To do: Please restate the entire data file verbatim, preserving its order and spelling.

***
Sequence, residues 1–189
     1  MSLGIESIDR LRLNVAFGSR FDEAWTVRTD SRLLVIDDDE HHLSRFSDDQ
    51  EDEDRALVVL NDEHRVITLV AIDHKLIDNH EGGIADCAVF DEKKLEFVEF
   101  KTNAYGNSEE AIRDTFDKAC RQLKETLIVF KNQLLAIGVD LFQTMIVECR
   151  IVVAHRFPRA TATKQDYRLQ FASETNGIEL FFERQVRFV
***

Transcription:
Sequence, residues 1–189
     1  MSLGIESIDR LRLNVAFGSR FDEAWTVRTD SRLLVIDDDE HHLSRFSDDQ
    51  EDEDRALVVL NDEHRVITLV AIDHKLIDNH EGGIADCAVF DEKKLEFVEF
   101  KTNAYGNSEE AIRDTFDKAC RQLKETLIVF KNQLLAIGVD LFQTMIVECR
   151  IVVAHRFPRA TATKQDYRLQ FASETNGIEL FFERQVRFV